But he never again entered a voting booth.  In his view, holding judicial office was a responsibility not to be involved in politics, even at the private level of voting.

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This post was emailed to the Jackson List, a private but entirely non-selective email list that reaches many thousands of subscribers around the world. I write to it periodically about Justice Robert H. Jackson, the Supreme Court, Nuremberg and related topics. The Jackson List archive site is http://thejacksonlist.com/.  To subscribe, email me at barrettj@stjohns.edu. Thank you for your interest, and for spreading the word.

Jackson List: Phil C. Neal (1919-2016), Jackson Law Clerk

For the Jackson List:

In August 1940, United States Attorney General Robert H. Jackson appointed a new graduate of Harvard Law School, John F. Costelloe, to serve as a junior attorney in the U.S. Department of Justice’s Claims Division (today, the Civil Division).

A year later, shortly after Jackson had been appointed an Associate Justice of the U.S. Supreme Court, he hired John Costelloe to be his first law clerk.  Costelloe’s work was superb and Jackson liked him a lot—he asked him to stay for a second year and, as it neared its conclusion, he mentioned to Costelloe that he could stay for a third… only to learn that he wished to move on to law practice.

So Justice Jackson mentioned to his son William, then a second year student at Harvard Law School and a member of the Harvard Law Review staff, that he would be needing a new law clerk starting that summer.

Bill Jackson went into action.  After speaking to the current Law Review president about his potential interest in clerking for the Justice, Bill wrote this letter to his father:

Dear Dad –                                          PHIL NEAL

                                                (for legibility’s sake)

             I have just talked to Phil Neal,

present head of the Bugle, and he is

interested in clerking for you.  The hitch is

that he goes before the Draft doctors on

the 20th [of the month, probably March 1943], but inasmuch as he has a bad

heart too (had rheumatic fever last year),

it seems probable he will be rejected.

            His marks are of course tops.  He

works like a stevedore.  His political-social

views are “liberal.”  He has personal charm

and is easy to work with.  In short, I

think he is a find.

            He will, however, be unavailable until

around October 1, when he graduates.  If you

need someone before that, perhaps he is out.

But there is nobody any good up here who will

be through before October.

            I suggested that if he were turned

down [at his military physical on] the 20th, he drop down for a talk

with you.  It might be nice if I asked

him to stay overnight at the house.  At

any rate, I told him I thought he would

probably hear from you about it, and I

suggest you write him a note at the Law

Review office.  – He’s a good man.

Wednesday                                          WEJ

 Phil Neal did flunk his U.S. Army physical, and he also heard from Justice Jackson.  At his invitation, Phil travelled to Washington, Jackson interviewed him, he liked him, and he quickly hired him to be his law clerk for the next year.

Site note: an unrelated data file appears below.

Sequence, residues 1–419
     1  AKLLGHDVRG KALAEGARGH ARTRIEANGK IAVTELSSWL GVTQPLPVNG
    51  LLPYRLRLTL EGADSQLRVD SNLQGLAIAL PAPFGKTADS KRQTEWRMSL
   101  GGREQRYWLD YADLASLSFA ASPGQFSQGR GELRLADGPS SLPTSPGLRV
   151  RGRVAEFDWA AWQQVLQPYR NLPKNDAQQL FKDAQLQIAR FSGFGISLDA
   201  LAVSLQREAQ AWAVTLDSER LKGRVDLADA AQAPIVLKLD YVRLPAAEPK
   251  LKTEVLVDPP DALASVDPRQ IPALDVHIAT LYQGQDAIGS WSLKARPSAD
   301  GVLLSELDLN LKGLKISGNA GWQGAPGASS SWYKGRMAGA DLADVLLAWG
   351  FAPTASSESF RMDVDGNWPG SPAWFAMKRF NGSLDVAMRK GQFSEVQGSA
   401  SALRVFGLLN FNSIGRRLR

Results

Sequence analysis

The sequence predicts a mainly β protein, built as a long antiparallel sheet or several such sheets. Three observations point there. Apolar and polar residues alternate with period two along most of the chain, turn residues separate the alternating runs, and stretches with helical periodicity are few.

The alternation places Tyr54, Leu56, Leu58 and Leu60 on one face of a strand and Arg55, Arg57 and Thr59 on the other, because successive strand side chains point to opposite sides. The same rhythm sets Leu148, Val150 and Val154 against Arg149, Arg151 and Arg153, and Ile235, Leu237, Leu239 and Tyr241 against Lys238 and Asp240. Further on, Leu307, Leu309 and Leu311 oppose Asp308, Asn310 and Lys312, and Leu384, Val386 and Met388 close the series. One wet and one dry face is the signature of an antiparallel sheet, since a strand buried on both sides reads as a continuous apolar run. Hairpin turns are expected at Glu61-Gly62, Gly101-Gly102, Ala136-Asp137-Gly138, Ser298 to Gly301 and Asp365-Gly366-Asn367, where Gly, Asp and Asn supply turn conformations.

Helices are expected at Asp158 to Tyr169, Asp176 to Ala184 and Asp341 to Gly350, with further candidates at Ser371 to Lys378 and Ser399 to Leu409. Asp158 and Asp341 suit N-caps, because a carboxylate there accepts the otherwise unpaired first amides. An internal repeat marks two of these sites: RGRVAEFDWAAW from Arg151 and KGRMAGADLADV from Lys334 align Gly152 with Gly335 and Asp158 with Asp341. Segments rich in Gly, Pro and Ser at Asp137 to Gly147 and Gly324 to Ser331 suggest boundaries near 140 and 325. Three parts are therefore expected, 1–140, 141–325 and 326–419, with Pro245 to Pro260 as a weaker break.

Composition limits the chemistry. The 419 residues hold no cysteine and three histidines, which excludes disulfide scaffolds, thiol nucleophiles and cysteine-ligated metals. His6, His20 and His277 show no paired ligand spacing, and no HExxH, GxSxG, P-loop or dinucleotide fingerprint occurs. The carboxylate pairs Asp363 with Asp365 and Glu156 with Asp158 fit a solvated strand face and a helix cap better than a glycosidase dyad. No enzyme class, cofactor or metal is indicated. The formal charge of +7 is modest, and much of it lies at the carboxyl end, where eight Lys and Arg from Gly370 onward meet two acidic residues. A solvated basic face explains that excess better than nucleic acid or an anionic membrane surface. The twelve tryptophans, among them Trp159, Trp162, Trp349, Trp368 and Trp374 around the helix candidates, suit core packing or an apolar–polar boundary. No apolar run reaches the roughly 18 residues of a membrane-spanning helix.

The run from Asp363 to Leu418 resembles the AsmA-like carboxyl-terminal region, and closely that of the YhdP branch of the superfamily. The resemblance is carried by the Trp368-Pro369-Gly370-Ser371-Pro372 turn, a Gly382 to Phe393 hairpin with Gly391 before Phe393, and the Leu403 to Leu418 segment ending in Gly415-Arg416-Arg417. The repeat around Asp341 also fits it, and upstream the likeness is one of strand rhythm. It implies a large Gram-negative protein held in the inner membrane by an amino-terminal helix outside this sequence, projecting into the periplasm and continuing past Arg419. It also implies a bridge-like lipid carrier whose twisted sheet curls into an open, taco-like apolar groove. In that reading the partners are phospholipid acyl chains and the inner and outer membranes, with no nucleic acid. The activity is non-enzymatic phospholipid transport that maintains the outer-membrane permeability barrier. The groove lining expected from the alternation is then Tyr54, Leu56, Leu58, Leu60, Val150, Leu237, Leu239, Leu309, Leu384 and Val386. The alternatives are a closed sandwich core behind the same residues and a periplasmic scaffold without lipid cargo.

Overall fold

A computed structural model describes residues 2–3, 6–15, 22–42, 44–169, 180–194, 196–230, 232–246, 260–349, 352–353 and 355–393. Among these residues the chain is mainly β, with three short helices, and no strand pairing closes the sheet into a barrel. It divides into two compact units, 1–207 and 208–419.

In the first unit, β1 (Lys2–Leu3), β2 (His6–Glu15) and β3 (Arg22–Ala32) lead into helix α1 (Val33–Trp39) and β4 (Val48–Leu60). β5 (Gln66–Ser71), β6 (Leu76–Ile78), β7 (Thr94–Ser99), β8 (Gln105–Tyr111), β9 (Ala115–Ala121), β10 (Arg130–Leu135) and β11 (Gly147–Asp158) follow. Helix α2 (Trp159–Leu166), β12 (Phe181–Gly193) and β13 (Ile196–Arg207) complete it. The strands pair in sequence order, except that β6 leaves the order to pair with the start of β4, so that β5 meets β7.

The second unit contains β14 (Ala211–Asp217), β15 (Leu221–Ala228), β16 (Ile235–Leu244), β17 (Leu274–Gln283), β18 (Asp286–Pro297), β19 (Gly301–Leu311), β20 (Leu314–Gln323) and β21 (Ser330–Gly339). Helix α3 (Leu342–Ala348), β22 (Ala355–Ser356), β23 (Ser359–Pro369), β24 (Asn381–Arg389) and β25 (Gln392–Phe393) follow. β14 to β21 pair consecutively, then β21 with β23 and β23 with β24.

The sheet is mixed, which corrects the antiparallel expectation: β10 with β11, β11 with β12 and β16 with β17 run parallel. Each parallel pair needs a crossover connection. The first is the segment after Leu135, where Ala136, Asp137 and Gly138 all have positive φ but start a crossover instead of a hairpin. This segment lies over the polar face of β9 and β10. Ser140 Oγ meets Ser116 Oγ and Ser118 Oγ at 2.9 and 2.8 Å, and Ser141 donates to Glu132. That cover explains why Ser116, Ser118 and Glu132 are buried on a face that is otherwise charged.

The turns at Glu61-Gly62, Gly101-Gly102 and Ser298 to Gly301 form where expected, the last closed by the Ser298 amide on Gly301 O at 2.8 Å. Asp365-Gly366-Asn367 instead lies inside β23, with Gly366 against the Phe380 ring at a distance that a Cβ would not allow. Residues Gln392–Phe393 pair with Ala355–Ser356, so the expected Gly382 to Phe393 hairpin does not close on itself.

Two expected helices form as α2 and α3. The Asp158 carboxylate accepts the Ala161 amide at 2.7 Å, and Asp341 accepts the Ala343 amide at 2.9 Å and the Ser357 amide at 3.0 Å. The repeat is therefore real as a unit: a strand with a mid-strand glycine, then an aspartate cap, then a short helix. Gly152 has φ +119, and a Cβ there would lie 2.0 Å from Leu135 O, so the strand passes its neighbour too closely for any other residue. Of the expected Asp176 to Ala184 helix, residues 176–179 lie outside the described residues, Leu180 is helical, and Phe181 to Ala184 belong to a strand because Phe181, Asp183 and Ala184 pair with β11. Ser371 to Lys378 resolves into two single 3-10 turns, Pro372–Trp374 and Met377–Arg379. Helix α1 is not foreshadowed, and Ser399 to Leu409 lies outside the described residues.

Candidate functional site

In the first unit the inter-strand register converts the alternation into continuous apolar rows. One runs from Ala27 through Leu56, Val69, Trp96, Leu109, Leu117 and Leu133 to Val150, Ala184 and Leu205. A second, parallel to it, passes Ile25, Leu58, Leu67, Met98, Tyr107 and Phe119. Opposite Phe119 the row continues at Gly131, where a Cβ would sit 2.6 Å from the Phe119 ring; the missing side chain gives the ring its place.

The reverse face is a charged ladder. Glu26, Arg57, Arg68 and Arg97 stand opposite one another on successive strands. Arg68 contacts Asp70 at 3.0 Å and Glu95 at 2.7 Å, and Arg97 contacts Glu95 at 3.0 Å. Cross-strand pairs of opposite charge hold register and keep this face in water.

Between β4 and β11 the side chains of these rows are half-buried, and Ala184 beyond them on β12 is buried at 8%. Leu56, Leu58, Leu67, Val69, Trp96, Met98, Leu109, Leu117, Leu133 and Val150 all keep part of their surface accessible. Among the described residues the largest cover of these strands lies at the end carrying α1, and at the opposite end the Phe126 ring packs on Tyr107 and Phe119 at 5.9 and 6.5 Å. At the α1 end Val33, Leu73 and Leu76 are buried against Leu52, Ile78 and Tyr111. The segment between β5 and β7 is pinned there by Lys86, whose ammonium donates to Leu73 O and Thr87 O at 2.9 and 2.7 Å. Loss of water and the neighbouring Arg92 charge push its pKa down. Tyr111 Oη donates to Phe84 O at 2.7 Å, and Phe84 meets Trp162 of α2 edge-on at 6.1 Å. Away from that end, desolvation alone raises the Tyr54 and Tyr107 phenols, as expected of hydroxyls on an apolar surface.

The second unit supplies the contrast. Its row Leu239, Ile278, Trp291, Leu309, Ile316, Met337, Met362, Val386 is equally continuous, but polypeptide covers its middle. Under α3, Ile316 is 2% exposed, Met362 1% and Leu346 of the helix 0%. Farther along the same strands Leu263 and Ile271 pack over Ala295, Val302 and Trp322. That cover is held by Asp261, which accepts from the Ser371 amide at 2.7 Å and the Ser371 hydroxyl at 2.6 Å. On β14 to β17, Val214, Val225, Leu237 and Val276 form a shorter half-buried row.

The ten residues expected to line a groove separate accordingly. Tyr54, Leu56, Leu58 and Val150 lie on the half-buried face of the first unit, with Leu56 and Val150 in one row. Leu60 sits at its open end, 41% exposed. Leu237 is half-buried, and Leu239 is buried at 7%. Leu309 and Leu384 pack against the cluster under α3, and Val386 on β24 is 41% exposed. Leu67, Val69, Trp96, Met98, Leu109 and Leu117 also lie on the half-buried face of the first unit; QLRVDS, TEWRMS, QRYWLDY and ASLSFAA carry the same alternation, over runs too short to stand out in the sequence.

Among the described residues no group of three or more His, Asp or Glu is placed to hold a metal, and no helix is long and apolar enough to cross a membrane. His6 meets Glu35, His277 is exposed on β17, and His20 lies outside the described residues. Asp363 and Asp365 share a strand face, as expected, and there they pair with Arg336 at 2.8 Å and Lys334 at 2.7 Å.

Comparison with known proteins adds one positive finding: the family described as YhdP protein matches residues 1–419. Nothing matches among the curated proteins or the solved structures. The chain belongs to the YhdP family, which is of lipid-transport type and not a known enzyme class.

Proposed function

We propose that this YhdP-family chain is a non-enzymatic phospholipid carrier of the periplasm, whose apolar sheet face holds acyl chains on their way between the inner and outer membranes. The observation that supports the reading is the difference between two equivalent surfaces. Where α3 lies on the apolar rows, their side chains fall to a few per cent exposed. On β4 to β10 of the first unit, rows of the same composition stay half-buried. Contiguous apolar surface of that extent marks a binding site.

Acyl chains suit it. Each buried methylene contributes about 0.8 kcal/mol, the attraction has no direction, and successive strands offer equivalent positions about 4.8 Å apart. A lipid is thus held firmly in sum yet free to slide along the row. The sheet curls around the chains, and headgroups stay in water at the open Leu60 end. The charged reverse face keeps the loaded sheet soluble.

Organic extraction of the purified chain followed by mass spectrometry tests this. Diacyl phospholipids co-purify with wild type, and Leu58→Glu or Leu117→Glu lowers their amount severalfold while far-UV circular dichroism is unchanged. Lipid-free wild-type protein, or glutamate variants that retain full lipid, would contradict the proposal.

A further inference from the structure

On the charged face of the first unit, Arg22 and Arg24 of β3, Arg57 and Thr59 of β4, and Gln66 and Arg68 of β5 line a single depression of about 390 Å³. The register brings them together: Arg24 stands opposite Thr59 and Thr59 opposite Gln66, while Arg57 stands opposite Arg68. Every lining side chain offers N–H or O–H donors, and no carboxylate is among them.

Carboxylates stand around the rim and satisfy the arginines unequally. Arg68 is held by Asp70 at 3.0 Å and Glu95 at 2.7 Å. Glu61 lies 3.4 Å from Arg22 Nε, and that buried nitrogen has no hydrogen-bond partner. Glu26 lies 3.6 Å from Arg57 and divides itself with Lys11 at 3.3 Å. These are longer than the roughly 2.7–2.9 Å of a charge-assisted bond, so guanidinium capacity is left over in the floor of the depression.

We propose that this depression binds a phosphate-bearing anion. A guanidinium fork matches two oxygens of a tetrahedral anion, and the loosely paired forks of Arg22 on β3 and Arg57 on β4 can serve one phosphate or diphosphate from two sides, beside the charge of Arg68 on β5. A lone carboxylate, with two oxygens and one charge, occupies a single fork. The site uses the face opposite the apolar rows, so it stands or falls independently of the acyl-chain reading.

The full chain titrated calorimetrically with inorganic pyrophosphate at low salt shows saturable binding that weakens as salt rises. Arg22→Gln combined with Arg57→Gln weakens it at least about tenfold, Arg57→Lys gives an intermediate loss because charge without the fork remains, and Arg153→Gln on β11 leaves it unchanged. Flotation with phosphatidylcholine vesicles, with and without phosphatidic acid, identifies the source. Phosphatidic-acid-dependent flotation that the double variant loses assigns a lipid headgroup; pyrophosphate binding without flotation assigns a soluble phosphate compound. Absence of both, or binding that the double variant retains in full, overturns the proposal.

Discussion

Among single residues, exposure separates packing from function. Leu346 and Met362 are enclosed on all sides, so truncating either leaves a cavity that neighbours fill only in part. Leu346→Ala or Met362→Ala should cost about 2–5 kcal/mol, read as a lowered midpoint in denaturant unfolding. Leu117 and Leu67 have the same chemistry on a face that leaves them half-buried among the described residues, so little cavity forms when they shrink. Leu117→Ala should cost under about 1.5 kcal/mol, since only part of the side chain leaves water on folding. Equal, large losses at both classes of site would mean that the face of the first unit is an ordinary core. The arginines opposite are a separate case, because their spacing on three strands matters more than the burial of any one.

Phil Neal graduated from Harvard Law School at the start of October 1943.  He then, a week or so later, took the Illinois (his home state) bar examination, despite not having time to study for it or to take a bar review course.

It was Justice Jackson who insisted that Phil Neal take the bar then, before he started clerking.  Jackson explained that he was looking out for Phil’s later career (and apparently Jackson was not considering that Neal might flunk the bar—but he passed).  Jackson described how in 1936 President Roosevelt could not appoint Jackson’s excellent Treasury Department Revenue Bureau deputy counsel to succeed him as counsel when the President appointed Jackson to serve in DOJ because the deputy, always busy with his government work, had never gotten around to taking the bar.

*          *          *

By mid-October 1943, Phil Neal was working for Justice Jackson.  Phil served as Jackson’s law clerk for almost two years—during the first year, Jackson asked Phil to stay on for a second year and he accepted.  They got along well.  Jackson had high regard for Phil, and he liked and admired the Justice.

During Phil Neal’s clerkship years, between Fall 1943 and Spring 1945, he reviewed many petitions seeking Supreme Court review of lower court decisions and wrote short memoranda to Jackson, each summarizing a petition and advising Jackson to vote to grant or to deny review.

Phil Neal also advised Jackson on numerous major cases that the Court was deciding, and on opinions that Jackson had drafted.  These included:

  • Jackson’s dissenting opinion in Federal Power Commission v. Hope Natural Gas Co. (1944) (regarding the agency’s statutory authority to set gas prices);
  • Jackson’s opinion for the Court in Pollock v. Williams (1944) (holding that a Florida law criminalizing failure to work after receiving an advance payment violated the Thirteenth Amendment and the federal anti-peonage law);